Mock Miscouche disaster no disaster as training exercise

Journal Pioneer staff
Send to a friend

Send this article to a friend.

Published on May 18, 2014

Island EMS was the second emergency response on scene, and it set up a transport command post to get victims to "hospital" treatment. Prince County Hospital did not participate in the event.

Published on May 18, 2014

Equipment verified, Miscouche Fire Department volunteers are ready to enter the building to assess conditions and rescue victims.

Published on May 18, 2014

A victim had escaped the building from the rear door and headed over the nearby shcool fields with only the thought of getting home. A firefighter was sent to ensure that she did not wander away and would be treated for injuries.

Published on May 18, 2014

Three victims of the mass casualty event are in triage, being assess for priority of treatment, but each having a different mindset about thier situation.

Published on May 18, 2014

A victim is assessed for priority of treatment and stabilized before being moved to treatment.

Published on May 18, 2014

Triage and Treatment controllers communicate about victims and procecures to ensure best practices in the event of a real disaster scenario.

Published on May 18, 2014

A victim with a head injury is helpd out of the collapsed Miscouche Recreation Centre during the mass casualty event training exercise.

Published on May 18, 2014

Despite firefighters getting this victim to the triage, his "wound" would prove fatal due to other, seemingly more desperate victims, deemed needing transport more urgently.

Published on May 18, 2014

The designated communications officer faces a parent from a nearby residence who wants more information than is availabe.

Published on May 18, 2014

She's fine, and with a story to tell of her participation in the mass casualty event training exercise at Miscouche Recreation Centre on Saturday.

Published on May 18, 2014

Kyle Gill was one of three victims of the mass casualty event exercise that did not make it through, but he'll have plenty to remember in his second life as a volunteer helping emergency workers improve responses to such events.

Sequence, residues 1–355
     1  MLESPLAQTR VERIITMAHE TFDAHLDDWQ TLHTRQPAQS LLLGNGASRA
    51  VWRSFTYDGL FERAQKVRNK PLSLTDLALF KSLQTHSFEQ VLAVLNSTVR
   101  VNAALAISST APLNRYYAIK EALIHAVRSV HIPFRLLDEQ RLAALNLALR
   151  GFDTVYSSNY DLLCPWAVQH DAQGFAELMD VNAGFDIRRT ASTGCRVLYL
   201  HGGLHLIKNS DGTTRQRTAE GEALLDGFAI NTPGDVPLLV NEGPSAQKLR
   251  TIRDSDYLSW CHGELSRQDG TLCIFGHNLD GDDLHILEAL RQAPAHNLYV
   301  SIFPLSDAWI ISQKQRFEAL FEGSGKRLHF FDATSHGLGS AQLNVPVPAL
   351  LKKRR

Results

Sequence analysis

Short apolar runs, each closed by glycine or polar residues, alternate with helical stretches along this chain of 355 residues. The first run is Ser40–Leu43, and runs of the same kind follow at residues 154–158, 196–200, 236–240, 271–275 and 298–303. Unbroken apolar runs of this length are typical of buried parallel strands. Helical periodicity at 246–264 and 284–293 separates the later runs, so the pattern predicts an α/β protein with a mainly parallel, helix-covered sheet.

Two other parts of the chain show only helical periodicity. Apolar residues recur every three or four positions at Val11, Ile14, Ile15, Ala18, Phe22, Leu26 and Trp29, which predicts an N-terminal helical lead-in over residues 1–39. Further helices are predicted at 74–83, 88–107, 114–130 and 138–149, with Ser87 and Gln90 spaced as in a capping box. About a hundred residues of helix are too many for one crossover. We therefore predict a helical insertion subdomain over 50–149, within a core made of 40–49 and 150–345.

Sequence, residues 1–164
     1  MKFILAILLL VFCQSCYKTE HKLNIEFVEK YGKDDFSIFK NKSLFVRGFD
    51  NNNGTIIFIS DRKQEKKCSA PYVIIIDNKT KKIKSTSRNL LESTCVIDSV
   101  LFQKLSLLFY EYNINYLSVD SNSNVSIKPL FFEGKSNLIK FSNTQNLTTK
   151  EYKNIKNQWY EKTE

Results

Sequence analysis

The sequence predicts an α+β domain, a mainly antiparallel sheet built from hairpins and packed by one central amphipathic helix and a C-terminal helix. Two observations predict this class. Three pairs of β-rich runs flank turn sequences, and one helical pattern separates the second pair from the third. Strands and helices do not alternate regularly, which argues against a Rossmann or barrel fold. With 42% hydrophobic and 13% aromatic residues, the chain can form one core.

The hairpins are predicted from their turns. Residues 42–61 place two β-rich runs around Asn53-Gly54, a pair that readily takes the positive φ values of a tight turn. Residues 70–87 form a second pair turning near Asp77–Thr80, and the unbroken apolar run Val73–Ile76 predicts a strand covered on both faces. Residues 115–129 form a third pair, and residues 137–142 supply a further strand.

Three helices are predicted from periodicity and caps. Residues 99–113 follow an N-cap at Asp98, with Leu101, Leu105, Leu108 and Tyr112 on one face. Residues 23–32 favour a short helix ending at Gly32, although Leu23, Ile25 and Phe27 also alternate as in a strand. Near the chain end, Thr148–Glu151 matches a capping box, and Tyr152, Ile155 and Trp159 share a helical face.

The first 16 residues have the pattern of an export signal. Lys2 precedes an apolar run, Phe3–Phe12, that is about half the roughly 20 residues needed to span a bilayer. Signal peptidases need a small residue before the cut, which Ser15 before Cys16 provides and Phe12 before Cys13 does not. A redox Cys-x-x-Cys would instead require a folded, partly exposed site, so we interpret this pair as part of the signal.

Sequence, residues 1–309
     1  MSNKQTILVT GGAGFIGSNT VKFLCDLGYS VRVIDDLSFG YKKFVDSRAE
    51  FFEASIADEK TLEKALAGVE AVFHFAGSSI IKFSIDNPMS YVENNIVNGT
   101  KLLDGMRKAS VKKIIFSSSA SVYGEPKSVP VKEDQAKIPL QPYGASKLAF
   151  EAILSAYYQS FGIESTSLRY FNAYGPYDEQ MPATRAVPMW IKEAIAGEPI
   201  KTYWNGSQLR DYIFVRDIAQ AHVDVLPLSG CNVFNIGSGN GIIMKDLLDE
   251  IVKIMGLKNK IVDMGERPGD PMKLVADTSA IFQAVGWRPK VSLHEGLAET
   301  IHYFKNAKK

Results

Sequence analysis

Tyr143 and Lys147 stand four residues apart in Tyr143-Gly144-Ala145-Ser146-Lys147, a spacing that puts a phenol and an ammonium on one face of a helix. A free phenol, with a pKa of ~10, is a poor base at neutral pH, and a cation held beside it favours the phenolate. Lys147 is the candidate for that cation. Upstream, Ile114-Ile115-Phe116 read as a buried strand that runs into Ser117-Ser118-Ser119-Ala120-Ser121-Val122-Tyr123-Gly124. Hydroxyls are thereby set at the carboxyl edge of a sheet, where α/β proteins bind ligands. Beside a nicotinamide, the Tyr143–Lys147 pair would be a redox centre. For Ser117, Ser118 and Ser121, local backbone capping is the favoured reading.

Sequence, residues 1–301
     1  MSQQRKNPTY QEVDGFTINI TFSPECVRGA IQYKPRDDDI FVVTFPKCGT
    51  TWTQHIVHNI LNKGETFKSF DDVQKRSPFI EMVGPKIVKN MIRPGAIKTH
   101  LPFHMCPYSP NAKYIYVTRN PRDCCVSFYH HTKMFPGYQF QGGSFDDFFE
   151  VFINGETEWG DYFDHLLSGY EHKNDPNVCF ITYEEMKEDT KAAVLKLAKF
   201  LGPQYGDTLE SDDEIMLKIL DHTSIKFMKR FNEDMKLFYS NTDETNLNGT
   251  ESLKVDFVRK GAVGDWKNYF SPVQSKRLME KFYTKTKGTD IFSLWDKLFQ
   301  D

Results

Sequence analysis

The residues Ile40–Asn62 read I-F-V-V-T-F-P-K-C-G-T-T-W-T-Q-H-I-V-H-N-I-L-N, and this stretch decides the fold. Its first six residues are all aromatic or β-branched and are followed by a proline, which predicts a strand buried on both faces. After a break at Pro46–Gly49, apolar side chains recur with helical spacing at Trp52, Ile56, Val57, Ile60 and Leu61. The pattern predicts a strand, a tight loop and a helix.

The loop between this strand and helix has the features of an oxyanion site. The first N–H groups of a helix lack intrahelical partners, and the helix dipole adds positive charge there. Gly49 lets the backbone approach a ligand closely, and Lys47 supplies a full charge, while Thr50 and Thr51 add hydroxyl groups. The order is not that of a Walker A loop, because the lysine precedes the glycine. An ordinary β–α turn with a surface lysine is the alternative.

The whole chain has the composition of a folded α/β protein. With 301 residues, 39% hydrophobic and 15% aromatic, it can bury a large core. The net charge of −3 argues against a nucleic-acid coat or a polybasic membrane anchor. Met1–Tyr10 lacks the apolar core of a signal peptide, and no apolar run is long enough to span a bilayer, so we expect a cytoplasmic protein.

Fire Chief pleased with outcome of mass casualty event exercise

MISCOUCHE - The call went out shortly after 11:00 a.m. that the Miscouche Rec Centre had collapsed upon a meeting, triggering an emergency response to a mass casualty event Saturday morning that involved three fire departments, the R.C.M.P. and Island EMS ambulance transport. It was an exercise that did exactly what it was planned to do.

"Anytime we have an event like this, it is always a learning experience," credited Miscouche fire chief Jason Woodbury.

The emergency personnel involved learned the strengths and weaknesses in their roles and how inter-agency cooperation could be improved upon.

As the command centre was being initiated, one victim escaped from the rear door of the building and began to stagger across the school playing fields in disordered attempt to get home. She had already gone about 80 metres before a firefighter was sent to follow her. He did eventually catch up and accompany her back to the main site as other firefighters were by then entering the building to search for more victims.

"We keep in mind that an event like this is terrifying, and people react completly differently during a catastrophic event. People do tend to go missing," Woodbury acknowledged.

"I've seen this before in smaller events, where the psychological part of somebody's thinking overwhelms the body and people do things they normally wouldn't do. Miscouche fire chief Jason Woodbury - analysis of behaviours in disaster situations

"The firefighter did what he was supposed to; try to keep everybody involved in an incident like this in an area," that is supervised he explained, recognizing that it is difficult to control emotions and the actions that arise from them.

 

"I've seen this before in smaller events, where the psychological part of somebody's thinking overwhelms the body and people do things that they normally wouldn't do," he said.

Each of the actions and outcomes were monitored by emergency measures personnel and the whole exercise debriefed before the participants were dismissed, with a story or two to be told about the Mass Casualty Event at Miscouche.

More on this to come.

 

 

  • 1
  • 2
  • 3
  • 4
  • 5

Thanks for voting!

Top of page

Comments

Comments